YORK artist Jo Walton uses rust and rusted metal sheet in innovative ways to create her artworks. Iron filings are applied as ‘paint’ and as they rust, reactions occur, resulting in every painting being unique and unrepeatable.

“Jo’s work is abstract, inspired by horizons,” says Pyramid Gallery owner Terry Brett. “Her work features enhanced rust-prints on plaster surfaces, combinations of rusted sheet metal with oil painting and painting seascapes on gold-metal leaf.”

The poster for Christopher Nolan’s Tenet

First blockbuster of the summer…at last: Christopher Nolan’s Tenet, at York cinemas

THE wait is over. This summer has been more blankbuster than blockbuster, thanks to the stultifying impact of the Covid lockdown and the big film companies’ reluctance to take a chance on a major release in the slow-burn, socially distanced reopening of cinemas.

Step forward Christopher Nolan, director of Memento, Inception, three Dark Knight/Batman movies and Dunkirk to grasp the nettle by releasing the 151-minute psychological thriller/action movie Tenet.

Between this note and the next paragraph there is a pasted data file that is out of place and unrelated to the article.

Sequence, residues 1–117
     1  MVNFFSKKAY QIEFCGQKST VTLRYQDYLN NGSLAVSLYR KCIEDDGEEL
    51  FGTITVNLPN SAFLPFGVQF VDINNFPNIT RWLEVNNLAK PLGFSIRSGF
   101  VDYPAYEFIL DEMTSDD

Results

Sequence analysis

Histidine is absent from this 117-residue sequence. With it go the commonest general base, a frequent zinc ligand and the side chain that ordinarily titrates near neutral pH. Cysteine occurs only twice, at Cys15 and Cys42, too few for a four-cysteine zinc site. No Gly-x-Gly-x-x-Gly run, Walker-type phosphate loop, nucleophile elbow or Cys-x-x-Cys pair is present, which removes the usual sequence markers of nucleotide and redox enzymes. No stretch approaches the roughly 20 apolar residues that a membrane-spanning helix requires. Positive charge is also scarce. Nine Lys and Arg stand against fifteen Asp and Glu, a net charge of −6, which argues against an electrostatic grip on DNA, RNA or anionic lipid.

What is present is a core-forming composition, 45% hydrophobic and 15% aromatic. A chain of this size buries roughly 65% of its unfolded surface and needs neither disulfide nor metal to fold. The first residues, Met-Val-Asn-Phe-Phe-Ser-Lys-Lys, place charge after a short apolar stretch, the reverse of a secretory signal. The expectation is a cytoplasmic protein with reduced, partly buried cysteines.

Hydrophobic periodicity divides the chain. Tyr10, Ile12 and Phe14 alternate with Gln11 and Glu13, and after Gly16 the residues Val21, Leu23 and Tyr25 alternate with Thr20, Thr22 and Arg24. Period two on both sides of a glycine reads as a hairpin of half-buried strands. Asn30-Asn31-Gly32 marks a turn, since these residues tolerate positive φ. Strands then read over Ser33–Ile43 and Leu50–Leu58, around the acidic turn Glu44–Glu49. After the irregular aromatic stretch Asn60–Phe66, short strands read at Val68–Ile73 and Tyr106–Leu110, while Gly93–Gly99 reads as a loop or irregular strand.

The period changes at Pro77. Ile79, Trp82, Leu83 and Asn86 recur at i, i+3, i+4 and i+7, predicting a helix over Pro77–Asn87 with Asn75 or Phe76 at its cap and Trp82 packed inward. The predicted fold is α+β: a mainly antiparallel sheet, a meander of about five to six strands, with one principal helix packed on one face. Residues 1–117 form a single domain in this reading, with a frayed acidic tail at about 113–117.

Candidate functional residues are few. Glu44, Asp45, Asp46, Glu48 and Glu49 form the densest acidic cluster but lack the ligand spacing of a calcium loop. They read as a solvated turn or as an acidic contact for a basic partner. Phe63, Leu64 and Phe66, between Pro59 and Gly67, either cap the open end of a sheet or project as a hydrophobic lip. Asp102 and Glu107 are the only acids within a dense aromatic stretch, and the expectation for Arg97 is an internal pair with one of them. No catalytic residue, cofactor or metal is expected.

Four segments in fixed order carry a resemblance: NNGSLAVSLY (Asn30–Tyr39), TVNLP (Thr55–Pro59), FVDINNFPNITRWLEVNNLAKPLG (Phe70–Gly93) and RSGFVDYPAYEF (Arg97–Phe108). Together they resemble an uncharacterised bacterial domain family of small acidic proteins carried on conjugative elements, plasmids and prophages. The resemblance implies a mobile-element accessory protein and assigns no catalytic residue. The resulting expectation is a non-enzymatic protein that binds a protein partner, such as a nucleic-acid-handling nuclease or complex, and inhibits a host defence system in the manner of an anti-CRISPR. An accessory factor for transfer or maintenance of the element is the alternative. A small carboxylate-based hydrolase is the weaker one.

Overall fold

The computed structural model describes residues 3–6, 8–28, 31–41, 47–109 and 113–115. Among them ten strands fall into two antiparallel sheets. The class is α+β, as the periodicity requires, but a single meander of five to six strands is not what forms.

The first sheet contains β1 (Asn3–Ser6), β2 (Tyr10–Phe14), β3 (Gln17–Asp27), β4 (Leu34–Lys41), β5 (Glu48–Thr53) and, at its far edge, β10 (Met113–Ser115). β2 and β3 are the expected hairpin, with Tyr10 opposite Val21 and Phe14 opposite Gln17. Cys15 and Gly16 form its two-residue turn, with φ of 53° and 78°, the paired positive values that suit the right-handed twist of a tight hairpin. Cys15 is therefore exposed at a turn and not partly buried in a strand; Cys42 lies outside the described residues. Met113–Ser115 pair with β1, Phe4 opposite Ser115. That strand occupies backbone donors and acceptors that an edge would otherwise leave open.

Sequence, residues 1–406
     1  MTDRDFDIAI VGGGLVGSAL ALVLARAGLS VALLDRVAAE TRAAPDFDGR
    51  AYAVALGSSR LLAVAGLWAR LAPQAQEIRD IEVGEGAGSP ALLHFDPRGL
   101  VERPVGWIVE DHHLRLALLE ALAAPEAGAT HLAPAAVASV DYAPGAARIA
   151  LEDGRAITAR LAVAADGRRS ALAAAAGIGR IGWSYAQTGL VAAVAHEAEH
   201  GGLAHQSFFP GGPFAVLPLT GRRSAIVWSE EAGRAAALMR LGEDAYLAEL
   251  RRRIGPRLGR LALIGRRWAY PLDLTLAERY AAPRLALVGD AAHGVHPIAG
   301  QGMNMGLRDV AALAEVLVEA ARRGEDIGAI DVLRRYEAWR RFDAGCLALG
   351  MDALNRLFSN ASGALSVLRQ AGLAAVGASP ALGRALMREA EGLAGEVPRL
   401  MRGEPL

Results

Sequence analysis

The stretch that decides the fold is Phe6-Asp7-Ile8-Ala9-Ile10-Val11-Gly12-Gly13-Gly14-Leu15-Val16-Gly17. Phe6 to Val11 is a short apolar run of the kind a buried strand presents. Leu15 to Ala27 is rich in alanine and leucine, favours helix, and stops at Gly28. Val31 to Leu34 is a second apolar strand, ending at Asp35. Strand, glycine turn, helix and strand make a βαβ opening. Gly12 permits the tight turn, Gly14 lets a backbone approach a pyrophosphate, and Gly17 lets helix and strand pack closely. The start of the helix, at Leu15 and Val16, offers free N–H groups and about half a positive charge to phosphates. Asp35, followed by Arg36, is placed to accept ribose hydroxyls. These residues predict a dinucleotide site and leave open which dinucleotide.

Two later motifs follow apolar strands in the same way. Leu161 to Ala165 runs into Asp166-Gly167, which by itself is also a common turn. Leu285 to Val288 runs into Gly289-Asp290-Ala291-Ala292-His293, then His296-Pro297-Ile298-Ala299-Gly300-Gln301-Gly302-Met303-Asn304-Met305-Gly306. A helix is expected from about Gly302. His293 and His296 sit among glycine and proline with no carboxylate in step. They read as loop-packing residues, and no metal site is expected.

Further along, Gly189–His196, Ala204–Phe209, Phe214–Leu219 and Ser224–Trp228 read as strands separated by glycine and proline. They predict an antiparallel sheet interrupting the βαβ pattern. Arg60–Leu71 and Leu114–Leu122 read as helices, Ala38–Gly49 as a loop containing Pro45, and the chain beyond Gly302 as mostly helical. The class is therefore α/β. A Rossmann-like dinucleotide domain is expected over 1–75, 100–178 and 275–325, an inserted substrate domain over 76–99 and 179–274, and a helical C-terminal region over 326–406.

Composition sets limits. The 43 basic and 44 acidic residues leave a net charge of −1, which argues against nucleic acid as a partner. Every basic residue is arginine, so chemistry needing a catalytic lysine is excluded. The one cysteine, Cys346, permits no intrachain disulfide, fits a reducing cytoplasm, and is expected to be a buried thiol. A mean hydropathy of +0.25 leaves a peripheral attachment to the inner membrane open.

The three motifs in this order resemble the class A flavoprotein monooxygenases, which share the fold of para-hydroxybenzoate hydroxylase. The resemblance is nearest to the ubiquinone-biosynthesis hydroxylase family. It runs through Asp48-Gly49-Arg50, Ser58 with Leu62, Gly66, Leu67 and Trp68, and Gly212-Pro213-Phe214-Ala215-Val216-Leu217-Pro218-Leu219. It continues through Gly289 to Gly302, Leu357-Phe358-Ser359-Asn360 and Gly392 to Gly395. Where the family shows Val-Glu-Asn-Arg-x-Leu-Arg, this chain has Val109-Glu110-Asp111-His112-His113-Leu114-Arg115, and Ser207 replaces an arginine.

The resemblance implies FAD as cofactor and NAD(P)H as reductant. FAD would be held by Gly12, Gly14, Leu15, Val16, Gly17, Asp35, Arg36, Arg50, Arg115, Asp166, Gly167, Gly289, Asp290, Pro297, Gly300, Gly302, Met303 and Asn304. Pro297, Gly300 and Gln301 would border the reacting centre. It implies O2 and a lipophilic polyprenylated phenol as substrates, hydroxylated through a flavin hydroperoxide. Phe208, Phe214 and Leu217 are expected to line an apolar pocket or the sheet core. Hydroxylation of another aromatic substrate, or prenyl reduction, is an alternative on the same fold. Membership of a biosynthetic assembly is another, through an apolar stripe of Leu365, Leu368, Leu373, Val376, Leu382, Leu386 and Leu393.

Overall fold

John David Washington (yes, Denzel’s son), Robert Pattinson, Elizabeth Debicki, Dimple Kapadia, Michael Caine and Kenneth Branagh ride a rollercoaster plot that follows a secret agent who must manipulate time in order to prevent the Third World War. Apparently, Tenet is a “film to feel, not necessarily understand”, like a Scarborough fairground ride, then.

Bella Gaffney expresses her enthusiasm for taking part in Songs Under Skies in the National Centre for Early Music churchyard garden

Double bills galore outside a church: Songs Under Skies, National Centre for Early Music, St Margaret’s Church, Walmgate, York, between September 2 and 17

SONGS Under Skies will bring together the National Centre for Early Music, The Crescent, The Fulford Arms and the Music Venues Alliance for an open-air series of acoustic concerts next month in York.